Martin Gaskell is by all accounts an accomplished astronomer. He applied for a job as the director of the University of Kentucky’s observatory. On its face, his application was deemed to be the best of the bunch. He was, however, denied the job and is now suing for religious discrimination.
By all accounts, Gaskell is a splendid scientist when it comes to the cosmos. His science is considerably weaker when it comes to biology and geology. In a public lecture titled “Modern Astronomy, the Bible and Creation,” which can be found here, Gaskell contends that science and Christianity are largely compatible and that science supports certain aspects of Christianity. This statement, in particular, has caused Gaskell problems:
It is true that there are significant scientific problems in evolutionary theory (a good thing or else many biologists and geologists would be out of a job) and that these problems are bigger than is usually made out in introductory geology/biology courses, but the real problem with humanistic evolution is in the unwarranted atheistic assumptions and extrapolations.
It is the latter that “creationists” should really be attacking (many books do, in fact, attack these unwarranted assumptions and extrapolations).
As should be apparent from this excerpt, Gaskell is a creationist who is advising other creationists on ways to attack evolution in ways that appear to be scientific. When you are a scientist whose job description includes the teaching of the scientific method and public understanding of science, using your skills to advance a theistic agenda seems like a good reason not to hire someone.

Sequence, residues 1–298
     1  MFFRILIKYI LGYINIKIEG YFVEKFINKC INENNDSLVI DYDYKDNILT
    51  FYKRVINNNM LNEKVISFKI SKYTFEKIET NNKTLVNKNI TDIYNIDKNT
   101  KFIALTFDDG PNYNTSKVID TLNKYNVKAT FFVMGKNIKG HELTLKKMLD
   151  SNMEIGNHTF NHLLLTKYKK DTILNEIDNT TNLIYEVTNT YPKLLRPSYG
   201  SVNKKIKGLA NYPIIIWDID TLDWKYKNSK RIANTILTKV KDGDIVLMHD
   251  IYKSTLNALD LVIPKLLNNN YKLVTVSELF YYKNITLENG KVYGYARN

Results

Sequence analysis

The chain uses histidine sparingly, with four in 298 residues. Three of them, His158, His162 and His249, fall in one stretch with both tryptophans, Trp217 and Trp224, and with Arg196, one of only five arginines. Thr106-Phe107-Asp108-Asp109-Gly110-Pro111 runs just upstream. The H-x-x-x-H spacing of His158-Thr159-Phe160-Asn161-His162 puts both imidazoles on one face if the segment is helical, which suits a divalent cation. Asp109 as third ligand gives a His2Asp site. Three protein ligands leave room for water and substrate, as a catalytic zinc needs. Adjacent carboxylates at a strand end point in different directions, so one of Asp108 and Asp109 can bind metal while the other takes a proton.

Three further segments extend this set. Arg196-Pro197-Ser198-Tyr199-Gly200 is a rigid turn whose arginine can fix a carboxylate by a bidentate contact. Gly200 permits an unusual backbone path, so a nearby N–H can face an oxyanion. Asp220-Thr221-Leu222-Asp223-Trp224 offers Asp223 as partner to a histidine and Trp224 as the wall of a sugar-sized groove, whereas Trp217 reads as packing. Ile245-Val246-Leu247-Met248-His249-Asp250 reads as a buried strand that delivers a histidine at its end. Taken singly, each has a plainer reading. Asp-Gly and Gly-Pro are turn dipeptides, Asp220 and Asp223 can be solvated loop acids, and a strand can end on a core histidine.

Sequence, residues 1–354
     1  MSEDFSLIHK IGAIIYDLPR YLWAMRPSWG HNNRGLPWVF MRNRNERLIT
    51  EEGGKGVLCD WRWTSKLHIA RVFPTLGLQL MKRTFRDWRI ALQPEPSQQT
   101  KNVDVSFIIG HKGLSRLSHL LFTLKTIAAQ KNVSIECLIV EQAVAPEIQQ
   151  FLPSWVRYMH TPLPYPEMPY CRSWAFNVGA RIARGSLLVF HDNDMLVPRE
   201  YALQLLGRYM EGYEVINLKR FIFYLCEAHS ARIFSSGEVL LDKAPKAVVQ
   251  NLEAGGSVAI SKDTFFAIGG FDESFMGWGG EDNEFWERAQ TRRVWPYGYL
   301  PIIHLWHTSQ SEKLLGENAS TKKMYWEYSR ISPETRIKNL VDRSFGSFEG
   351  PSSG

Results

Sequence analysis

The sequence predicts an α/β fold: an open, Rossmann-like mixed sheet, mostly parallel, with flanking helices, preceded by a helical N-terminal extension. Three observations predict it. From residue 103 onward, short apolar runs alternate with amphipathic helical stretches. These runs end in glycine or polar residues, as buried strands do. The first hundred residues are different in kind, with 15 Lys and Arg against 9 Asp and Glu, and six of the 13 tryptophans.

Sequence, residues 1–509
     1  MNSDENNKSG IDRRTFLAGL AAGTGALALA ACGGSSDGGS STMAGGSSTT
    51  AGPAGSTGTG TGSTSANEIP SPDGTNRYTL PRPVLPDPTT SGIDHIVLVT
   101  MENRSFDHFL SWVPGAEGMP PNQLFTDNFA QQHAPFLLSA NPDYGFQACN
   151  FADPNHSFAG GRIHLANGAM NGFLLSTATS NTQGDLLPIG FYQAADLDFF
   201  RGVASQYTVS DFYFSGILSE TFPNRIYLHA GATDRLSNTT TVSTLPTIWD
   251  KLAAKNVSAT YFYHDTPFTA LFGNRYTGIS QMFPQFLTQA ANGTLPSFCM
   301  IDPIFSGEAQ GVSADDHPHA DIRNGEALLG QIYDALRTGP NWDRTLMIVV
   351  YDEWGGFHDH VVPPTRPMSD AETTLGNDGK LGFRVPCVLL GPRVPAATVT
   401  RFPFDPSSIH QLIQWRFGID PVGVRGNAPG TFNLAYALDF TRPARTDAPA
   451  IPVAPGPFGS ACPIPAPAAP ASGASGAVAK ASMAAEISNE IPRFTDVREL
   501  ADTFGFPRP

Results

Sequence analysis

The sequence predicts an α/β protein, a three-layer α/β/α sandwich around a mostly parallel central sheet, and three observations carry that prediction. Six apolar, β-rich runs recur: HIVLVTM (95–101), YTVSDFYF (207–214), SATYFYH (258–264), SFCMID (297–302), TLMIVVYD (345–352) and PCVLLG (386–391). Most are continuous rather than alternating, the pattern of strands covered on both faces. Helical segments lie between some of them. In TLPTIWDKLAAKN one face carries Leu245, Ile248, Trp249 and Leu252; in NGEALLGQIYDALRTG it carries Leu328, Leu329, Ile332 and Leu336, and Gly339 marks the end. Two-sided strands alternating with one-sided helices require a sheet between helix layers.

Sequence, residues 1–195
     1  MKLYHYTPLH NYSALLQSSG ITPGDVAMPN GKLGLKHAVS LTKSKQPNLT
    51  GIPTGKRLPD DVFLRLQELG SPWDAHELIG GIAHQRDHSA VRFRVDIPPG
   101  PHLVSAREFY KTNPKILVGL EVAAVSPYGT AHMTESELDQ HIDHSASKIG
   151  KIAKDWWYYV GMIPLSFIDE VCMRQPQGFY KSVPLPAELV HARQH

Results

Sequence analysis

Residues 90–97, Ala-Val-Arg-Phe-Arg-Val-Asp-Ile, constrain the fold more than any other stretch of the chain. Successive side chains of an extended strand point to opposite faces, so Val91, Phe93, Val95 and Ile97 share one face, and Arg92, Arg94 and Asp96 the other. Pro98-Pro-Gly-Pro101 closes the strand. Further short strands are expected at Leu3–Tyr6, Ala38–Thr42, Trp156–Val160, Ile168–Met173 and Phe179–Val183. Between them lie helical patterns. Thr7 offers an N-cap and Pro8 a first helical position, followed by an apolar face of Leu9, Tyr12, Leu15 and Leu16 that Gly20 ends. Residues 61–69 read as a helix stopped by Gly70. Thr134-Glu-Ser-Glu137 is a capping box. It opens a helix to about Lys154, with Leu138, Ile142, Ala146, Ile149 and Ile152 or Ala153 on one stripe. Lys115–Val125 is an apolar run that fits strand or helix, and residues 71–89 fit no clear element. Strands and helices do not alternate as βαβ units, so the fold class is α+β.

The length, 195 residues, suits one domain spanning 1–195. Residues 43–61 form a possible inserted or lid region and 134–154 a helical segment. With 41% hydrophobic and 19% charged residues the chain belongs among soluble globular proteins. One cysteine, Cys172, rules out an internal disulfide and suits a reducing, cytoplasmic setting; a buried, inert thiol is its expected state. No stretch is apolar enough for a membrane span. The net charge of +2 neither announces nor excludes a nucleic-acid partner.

Gaskell was not hired because of religious discrimination; he was not hired because of scientific discrimination. There is no law against refusing to hire a scientist who espouses bad science in the service of religion. When your religion spills over into science and results in pseudo-scientific statements, these kinds of things will happen.
Over at Pharyngula, PZ Myers has a longer piece on the whole matter, and offers these pertinent observations:
There is a difference between accepting a theory that is incomplete, like evolution, and a set of wacky ideas that are contradicted by the available evidence, like these various flavors of creationism that Gaskell is favoring. That calls his ability to think scientifically into question, and that is legitimate grounds to abstain from hiring him.
The record shows that what people were discussing was not his religion alone, but the way his religion has affected his job as a scientist and communicator of science, and the effect of hiring someone with such dubious views in a state already trying to overcome the embarrassment of being home to the Creation “Museum”. These are valid concerns. One of the faculty members who reviewed the case said it very well:
Another geology professor, Shelly Steiner, wrote that UK [University of Kentucky] should no more hire an astronomer skeptical of evolution than “a biologist who believed that the sun revolved around the Earth.”
When the most recent polling indicates that 40% of Americans believe that God created humans about 10,000 years ago, hiring someone with Gaskell’s views is problematic. The world was a lively and diversified place 10,000 years ago: farming and pastoralism was taking hold in Mesopotamia and the Levant, Australia had been occupied for at least 30,000 years, Asians were making the transition from foraging to farming, the Americas had been colonized by successive waves of nomadic hunters from Siberia, Europe was filled with all manner of hunter-gatherers, and Africa was teeming with genetically diverse groups of people.